Indonesian hotelier Ronald Akili unveils the last stage of Desa Potato Head—his unique vision for a hotel-meets-community centre that has been a decade in the making.


As any hotelier will tell you, building a hotel requires an almost masochistic appetite for long project deadlines, eye-watering expense outflow and an even longer horizon for an adjusted-for-inflation return on investment. In most cases, five years is a bare minimum, but in the case of Ronald Akili’s ambitious Desa Potato Head project, that horizon has stretched to a decade—and the Jakarta-based real-estate developer turned hotelier is still not done.

The first salvo was fired in 2010 when Akili—the son of prominent Indonesian entrepreneur and collector Rudy Akili, who also opened the Akili Museum of Art in Jakarta—launched Potato Head Beach Club in a quiet stretch of Bali’s Seminyak neighbourhood.

By any yardstick, it was a game changer: a slick mix of restaurant, music club, bar and pool, and social hangout for both locals and the greater community of hipsters that turned the tired old trope of Bali as the backdrop for surfers, yogis, spiritual shrines, traditional gamelan orchestras and kohl-eye-lined dancers on its head. For here was a thoroughly fresh take on Bali, a place whose setting was steeped in tradition but whose programming felt thoroughly millennial.

Exhibit B was five years in the making. In 2015, Akili opened the 58-suite Katamama right next to Potato Head Beach Club, tapping Indonesian architect Andra Martin and Singapore-based interior designers Takenouchi Webb to create a quietly modern space that was layered with teak and terrazzo, Balinese bricks and hand-made Javanese tiles. It was another instant hit.

Even so, few really appreciated that both Potato Head Beach Club and Katamama—and the sweep of restaurants that Akili opened in the interim in Singapore and Hong Kong as well—were test beds for a more ambitious expression of his belief that genuine hospitality “lies in the interaction between different cultures.” Specifically, “authentic, not ethnic” has been an abiding mantra. This year, Akili launches in stages what he describes as the last piece of the puzzle: the Creative Centre.

Beyond Borders

For this most affable of hoteliers, a hotel has so much more potential beyond being merely a place to check into and sleep. At the very least, it is a space that should be open to everyone; specifically, the local community and visiting guests—a communal space where strangers can meet naturally and form creative and emotional bonds. In other words, a village. “I have been dreaming about the idea of building a village for 10 years, ever since we opened our first venue in Bali,” Akili says.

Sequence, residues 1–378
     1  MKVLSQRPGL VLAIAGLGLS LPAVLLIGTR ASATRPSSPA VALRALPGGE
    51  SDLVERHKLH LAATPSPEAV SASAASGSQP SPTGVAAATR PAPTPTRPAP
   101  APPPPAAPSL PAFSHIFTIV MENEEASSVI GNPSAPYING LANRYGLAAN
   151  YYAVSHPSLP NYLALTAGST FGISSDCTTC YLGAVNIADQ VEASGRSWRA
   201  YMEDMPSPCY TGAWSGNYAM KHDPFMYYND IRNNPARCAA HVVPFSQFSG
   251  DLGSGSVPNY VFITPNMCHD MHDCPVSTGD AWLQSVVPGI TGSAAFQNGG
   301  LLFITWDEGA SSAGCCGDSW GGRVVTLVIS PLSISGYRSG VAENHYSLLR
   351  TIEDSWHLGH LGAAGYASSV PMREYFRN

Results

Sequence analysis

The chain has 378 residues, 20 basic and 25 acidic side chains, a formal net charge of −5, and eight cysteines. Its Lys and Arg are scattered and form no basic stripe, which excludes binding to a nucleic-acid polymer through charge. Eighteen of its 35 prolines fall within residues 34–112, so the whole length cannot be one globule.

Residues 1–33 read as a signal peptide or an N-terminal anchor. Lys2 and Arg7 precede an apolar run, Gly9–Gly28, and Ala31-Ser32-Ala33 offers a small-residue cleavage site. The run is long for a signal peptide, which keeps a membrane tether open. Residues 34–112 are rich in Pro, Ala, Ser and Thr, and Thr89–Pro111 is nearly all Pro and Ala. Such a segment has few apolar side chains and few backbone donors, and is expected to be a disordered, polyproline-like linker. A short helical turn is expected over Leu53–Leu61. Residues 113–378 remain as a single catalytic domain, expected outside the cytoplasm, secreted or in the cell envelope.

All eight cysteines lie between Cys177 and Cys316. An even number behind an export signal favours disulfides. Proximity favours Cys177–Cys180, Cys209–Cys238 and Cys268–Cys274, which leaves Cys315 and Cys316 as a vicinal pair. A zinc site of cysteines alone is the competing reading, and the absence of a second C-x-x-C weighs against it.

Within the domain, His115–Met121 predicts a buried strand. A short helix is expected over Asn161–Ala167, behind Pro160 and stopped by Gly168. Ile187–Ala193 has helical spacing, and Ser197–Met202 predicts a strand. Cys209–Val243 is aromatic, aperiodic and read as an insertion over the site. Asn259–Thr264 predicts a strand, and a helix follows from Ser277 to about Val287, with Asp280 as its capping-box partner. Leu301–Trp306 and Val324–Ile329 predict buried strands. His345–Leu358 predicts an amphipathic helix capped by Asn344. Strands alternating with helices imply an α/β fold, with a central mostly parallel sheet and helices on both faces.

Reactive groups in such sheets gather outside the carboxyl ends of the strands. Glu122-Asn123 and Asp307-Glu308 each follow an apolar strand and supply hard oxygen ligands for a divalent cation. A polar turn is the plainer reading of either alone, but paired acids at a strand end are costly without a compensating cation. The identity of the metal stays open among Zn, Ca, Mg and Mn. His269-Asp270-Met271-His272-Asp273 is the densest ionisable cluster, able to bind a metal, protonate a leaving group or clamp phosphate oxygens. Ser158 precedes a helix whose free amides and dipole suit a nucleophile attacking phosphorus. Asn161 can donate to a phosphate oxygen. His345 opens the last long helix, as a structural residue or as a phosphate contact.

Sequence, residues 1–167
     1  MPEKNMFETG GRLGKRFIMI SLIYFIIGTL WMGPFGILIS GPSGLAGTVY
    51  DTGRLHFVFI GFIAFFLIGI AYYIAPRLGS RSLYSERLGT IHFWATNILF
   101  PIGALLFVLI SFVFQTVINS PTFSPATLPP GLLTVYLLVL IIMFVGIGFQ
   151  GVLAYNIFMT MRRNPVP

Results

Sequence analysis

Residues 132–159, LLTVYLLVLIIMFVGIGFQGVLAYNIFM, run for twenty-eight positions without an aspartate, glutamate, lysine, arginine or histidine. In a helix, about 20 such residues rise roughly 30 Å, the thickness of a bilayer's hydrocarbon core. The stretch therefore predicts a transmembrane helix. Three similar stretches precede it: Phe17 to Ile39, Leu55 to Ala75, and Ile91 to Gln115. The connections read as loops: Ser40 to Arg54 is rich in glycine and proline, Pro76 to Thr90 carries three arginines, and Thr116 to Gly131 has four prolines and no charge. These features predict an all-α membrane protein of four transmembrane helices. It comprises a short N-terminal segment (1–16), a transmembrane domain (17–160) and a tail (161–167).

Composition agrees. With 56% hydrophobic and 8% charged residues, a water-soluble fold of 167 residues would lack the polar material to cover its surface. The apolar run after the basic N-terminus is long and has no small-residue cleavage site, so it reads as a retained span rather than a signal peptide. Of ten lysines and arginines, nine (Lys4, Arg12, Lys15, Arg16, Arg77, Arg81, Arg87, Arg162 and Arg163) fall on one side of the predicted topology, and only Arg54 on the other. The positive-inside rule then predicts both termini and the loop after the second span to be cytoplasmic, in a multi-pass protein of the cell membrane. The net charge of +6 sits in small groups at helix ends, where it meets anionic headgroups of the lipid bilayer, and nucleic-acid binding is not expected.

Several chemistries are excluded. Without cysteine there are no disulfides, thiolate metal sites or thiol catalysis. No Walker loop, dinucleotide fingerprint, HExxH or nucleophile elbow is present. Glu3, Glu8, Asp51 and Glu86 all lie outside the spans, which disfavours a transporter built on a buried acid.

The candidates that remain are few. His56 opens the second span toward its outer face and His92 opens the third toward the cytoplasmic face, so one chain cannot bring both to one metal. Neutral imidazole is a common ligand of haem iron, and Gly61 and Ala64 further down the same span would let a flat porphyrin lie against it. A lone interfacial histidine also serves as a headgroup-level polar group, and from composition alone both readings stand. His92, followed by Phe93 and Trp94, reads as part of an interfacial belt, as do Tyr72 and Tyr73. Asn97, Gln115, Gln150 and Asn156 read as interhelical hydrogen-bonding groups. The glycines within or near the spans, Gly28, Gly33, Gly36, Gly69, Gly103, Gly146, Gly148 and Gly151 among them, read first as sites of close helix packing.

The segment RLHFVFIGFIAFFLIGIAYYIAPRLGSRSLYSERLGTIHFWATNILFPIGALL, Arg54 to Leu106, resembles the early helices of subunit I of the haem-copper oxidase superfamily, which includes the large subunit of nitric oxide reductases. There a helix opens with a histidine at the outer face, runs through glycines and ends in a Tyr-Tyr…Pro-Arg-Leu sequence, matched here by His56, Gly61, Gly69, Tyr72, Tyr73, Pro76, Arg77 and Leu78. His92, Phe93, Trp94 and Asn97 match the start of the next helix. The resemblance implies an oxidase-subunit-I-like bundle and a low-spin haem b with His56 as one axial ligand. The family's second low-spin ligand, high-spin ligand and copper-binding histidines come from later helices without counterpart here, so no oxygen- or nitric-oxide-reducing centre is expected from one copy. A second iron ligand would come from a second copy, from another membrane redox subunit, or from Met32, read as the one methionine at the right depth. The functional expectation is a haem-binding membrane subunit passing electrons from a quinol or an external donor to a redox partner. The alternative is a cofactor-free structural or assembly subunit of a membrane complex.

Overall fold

And yet ‘village’ is something of an understatement, because it seems to imply something bijou and rustic, a place where you might expect to see, say, a troop of hens pecking at the dirt amid some alang-alang thatched huts. Akili’s village, or Desa Potato Head, to be formal, is a 387,500sqft complex that includes Katamama and Potato Head Beach Club, at the heart of which is the new Creative Centre.

Akili’s ambitions for the 258,000sqft Creative Centre have, except perhaps the Villa La Coste complex in Aix-en-Provence, few parallels in modern hospitality. This, he points out, is a new type of holistic experience where music, art, design, food, wellness and sustainability collide for both the local community and guest. “We’re not trying the change the industry. We want to create an entirely new model for it.”

Over the course of 2020, the Creative Centre will unveil a 168-room hotel called Potato Head Studios, farm-to-table restaurants, a host of bars, a multifunctional gallery, an environmentally driven kids’ club, several rooftop communal zones, an amphitheatre, a beachfront pool, a music recording studio, Wild Life Archive (a collection of posters, books and resources on techno, disco and acid house) and Klymax, a high-fidelity, subterranean discotheque designed in partnership with DJ Harvey.

As published in TatlerAsia